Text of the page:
The paediatrician in the hospital where your baby is born usually administers the Vitamin K to your baby. Your nurse or doctor will usually ask you if you want to give the same to your baby as an injection or as oral drops. It is better to opt for the injection as it is more effective than oral drops.
Which Babies are at The Higher Risks of Developing Vitamin K Deficiency Bleeding (VKDB)?
Some babies can develop deficiency-related bleeding more quickly than other babies:
- Babies born before 37 weeks of pregnancy.
- Babies who had breathing trouble at birth and suffered from a lack of enough oxygen at birth.
- Babies born via ventouse or caesarean delivery or by forceps delivery, where bruising may have occurred.
- Babies whose mothers took anti-clotting drugs, epilepsy medication or drugs for tuberculosis while they were pregnant.
- Babies who have symptoms of prolonged jaundice and babies who have dark coloured urine and pale stools.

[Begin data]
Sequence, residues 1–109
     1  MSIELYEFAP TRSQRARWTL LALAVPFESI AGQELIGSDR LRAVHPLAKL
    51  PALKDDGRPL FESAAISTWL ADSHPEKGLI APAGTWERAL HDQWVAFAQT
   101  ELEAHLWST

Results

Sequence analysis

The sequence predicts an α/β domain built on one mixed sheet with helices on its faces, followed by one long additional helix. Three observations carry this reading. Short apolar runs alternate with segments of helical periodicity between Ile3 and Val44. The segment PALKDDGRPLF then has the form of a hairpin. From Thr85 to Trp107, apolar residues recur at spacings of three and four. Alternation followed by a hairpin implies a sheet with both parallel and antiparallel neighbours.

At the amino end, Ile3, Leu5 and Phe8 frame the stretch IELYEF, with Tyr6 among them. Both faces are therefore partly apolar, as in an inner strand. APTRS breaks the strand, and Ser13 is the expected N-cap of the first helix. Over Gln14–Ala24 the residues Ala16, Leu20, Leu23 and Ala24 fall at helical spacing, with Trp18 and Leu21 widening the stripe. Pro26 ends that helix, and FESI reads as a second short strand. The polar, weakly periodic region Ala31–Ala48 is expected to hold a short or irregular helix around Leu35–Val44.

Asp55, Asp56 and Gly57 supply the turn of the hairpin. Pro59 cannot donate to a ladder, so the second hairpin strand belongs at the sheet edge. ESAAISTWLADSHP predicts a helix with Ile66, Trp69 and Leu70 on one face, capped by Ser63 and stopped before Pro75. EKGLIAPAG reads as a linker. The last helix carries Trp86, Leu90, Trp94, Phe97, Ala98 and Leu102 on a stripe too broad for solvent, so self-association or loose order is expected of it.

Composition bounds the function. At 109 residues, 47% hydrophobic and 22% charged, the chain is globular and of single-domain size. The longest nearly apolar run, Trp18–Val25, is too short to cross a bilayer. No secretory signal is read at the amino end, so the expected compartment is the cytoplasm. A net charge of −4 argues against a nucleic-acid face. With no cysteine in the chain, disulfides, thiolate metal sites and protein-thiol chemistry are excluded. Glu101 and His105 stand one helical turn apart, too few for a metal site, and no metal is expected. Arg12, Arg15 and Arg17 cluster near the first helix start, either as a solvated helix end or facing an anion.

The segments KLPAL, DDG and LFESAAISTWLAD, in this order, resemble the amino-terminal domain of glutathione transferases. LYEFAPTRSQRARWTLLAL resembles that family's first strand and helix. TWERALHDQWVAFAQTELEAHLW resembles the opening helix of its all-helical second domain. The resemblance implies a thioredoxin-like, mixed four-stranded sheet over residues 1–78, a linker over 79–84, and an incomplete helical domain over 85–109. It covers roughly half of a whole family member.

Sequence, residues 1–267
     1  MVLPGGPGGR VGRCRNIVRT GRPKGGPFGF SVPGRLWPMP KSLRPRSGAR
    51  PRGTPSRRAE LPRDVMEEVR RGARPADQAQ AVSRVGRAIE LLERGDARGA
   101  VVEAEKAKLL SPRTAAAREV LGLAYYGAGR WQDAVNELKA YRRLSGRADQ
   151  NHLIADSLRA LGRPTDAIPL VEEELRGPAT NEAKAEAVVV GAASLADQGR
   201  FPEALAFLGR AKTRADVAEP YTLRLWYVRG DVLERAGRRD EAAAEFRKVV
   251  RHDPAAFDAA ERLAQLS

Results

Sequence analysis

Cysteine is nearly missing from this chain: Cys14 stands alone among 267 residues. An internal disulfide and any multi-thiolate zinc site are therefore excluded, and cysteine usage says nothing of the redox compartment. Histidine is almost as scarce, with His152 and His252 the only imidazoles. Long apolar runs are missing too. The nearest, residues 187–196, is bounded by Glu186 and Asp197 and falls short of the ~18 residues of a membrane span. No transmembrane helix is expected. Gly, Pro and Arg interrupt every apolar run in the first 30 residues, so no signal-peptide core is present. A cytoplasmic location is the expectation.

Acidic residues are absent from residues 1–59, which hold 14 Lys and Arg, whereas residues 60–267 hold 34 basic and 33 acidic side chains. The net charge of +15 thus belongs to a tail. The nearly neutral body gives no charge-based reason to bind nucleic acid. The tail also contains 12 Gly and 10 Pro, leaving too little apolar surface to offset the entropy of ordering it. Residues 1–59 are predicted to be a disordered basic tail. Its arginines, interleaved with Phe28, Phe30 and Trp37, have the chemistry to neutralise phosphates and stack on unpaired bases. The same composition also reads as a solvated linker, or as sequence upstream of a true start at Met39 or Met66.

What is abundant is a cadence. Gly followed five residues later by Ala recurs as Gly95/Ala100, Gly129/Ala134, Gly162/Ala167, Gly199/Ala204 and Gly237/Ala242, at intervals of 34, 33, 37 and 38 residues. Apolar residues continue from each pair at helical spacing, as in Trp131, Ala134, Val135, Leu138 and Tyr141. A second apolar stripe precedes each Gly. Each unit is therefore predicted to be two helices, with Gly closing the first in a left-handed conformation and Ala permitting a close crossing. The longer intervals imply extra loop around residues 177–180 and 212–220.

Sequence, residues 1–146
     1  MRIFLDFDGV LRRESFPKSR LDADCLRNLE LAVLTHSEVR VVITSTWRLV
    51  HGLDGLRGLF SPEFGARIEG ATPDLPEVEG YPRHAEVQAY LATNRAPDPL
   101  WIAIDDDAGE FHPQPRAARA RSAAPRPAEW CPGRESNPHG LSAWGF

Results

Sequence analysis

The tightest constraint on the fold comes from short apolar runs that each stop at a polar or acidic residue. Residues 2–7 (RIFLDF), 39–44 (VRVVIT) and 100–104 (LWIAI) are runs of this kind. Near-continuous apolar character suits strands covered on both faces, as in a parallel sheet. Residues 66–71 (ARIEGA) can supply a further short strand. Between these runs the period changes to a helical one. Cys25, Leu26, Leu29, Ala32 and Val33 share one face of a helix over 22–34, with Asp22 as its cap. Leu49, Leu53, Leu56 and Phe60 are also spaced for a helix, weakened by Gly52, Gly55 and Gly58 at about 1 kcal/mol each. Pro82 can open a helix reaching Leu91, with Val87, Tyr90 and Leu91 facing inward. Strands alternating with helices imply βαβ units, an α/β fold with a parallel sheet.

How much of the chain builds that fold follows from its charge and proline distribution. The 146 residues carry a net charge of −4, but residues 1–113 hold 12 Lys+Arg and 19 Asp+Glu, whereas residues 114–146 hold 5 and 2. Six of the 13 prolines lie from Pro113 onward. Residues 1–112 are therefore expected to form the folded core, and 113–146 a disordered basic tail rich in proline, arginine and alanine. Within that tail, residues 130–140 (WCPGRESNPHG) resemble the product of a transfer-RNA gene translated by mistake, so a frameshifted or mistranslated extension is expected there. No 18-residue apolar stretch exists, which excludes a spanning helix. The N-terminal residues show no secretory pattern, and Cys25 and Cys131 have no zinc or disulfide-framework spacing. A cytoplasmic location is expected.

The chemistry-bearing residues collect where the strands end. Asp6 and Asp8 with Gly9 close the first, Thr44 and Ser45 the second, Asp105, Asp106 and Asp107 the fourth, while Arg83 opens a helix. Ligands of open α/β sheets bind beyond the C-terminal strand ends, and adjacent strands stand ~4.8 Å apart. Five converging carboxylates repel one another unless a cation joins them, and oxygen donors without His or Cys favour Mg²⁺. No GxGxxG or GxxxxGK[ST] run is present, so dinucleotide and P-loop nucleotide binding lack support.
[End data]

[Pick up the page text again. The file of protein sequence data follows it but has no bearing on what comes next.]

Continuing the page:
Possible Symptoms of Vitamin K Deficiency
The symptoms include:
- Your baby bruises very easily
- Nasal bleeds, bleeding from the umbilical cord or gut.
- Increased bruising around the face and head of the baby.
- Vomiting, pale skin and gums, and irritability.
- If the baby is more than 3 weeks old and has jaundice that is worsening.
When to Consult a Doctor?
A paediatrician should be consulted immediately if you notice any of the signs and symptoms of vitamin K deficiency. If you find blood oozing from the umbilical cord stump or if bleeding does not stop for a while after a heel-prick test, or if the baby has a sudden nosebleed, call the doctor right away. If this is not treated immediately, it could cause internal bleeding, organ damage and even death.
Vitamin K is essential for clotting of blood as without it, the blood will not clot, leading to uncontrolled bleeding. Babies have poor levels of it, and hence they need to be given supplements for the same at birth. It is better to give this in the form of an injection as this will protect the baby from any deficiency-related bleeding for several months. By the age of 6 months, the baby will have enough gut bacteria to synthesize her own.